Huawei is nothing if not doggedly optimistic.
Despite persistent knockbacks in the U.S. and other markets, the Chinese vendor is predicting (in its annual report, published today) an annual growth rate of 10 percent for the next five years: Based on its 2012 revenues of 220.19 billion yuan renminbi (US$35.49 billion), that would take it to annual revenues of about RMB355 billion ($57.2 billion) in 2017. (See Huawei Expects 10%+ Growth in 2013.)
And although Ericsson AB is positive about this year's market -- see Euronews: Ericsson Accentuates the Positive -- it's likely that Huawei will very soon snatch, and retain, the Swedish giant's "biggest vendor" crown. (See Ericsson Retains Its Crown – Barely.)
So where is this growth going to come from?
Well, not so much from the traditional telecom network hardware and software product lines, even though the vendor's Carrier Network Business Group registered year-on-year sales growth of 6.7 percent to reach RMB160.1 billion ($25.8 billion) in 2012. Huawei expects any growth for this group to come from demand for professional services (managed services, consulting), cloud service enablement and carrier data center builds.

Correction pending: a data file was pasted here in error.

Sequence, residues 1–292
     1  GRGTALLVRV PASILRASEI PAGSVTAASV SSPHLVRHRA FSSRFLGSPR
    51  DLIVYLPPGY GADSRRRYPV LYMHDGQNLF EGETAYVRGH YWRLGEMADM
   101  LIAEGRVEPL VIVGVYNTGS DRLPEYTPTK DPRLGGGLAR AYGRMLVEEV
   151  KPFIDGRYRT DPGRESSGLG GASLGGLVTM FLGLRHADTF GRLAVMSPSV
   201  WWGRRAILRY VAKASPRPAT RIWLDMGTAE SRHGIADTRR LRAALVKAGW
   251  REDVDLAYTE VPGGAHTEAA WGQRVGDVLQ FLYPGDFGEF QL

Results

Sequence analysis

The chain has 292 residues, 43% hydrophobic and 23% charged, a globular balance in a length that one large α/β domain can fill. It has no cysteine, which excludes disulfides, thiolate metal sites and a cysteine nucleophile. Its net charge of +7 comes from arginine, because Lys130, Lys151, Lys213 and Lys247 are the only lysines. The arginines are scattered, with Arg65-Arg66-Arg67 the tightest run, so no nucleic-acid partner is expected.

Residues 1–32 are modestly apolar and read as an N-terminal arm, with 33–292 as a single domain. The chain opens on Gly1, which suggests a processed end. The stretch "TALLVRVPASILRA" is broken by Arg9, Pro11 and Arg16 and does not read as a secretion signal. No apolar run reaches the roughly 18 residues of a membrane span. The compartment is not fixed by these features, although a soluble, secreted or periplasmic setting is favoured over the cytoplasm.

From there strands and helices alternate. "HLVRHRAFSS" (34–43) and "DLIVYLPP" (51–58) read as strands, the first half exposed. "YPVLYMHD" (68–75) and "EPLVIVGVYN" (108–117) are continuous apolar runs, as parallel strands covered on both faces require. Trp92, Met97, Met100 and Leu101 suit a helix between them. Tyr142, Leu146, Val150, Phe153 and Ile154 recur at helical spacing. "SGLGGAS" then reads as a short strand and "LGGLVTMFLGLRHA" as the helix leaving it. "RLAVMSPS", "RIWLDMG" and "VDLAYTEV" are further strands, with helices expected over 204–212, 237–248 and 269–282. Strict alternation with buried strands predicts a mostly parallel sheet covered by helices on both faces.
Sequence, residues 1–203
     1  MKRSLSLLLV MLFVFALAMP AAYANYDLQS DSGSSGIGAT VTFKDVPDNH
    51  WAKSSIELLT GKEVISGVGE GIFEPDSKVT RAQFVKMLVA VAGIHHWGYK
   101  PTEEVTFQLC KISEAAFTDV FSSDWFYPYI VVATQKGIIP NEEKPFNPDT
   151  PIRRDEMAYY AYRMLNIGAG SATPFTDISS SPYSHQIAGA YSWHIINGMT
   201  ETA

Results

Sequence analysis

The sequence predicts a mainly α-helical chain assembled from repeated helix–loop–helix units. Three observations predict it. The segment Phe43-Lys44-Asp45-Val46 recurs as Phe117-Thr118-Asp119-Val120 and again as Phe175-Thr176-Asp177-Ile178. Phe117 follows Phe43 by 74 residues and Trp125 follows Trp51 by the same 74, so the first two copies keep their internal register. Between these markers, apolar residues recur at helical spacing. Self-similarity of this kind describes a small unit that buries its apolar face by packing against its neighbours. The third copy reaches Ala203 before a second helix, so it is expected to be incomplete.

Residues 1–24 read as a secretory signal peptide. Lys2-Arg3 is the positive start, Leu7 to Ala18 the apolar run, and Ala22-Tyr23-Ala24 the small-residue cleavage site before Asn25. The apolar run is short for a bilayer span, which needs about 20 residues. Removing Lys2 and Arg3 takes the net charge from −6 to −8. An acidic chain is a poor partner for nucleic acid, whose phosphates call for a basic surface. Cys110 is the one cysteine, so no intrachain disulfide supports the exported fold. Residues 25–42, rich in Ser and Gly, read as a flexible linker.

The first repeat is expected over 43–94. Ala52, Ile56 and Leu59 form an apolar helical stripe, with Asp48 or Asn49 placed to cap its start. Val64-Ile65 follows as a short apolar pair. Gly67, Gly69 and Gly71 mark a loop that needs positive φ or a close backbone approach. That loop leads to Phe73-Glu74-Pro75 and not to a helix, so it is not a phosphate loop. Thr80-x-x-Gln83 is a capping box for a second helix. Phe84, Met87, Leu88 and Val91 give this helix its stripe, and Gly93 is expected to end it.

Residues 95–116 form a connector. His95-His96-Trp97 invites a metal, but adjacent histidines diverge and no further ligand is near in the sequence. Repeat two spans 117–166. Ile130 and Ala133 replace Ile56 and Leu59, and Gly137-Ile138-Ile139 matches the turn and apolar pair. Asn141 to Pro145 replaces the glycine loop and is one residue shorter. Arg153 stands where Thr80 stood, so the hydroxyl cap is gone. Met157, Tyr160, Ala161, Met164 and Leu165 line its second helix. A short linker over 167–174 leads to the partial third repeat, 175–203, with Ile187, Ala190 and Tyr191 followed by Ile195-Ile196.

More explosive potential exists for the vendor's Enterprise Business Group, which saw its annual revenues increase 25.8 percent to RMB11.5 billion ($1.85 billion) last year. Huawei has been focusing on enterprise customers for less than two years so it is still building momentum with its focus on cloud computing, data center technology and storage.
The Consumer unit, with its focus on smartphone development, has been very high profile during the past year. It grew its revenues by 8.4 percent to RMB48.4 billion ($7.8 billion) in 2012 and by the end of last year was the number three smartphone vendor globally, according to Gartner.
But for all its gusto, the vendor is aware that, as an increasingly large player in the global technology sector, it is prone to the type of weakness that has killed off other large players (think Nortel, although of course that company wasn't named by Huawei).
In the annual report, group CEO Ren Zhengfei notes that Huawei is committed to ensuring its staff play by the rules and limit their financial compensation to the salaries, bonuses and incentives they get from their employer: "No income from outside Huawei is allowed," notes Ren. "History tells us that that if large companies miss a turning point and start to decline, few of them can reverse the situation by restructuring themselves. Naturally, we would hate to fall; so we must restrain ourselves, observe rules, and stay united and dedicated."
With 150,000 employees, that's a tough policing job and Ren can be sure that every other player in the market will be watching every move made by Huawei's staff just as closely as the Chinese vendor's own human resources team.
— Ray Le Maistre, Editor-in-Chief, Light Reading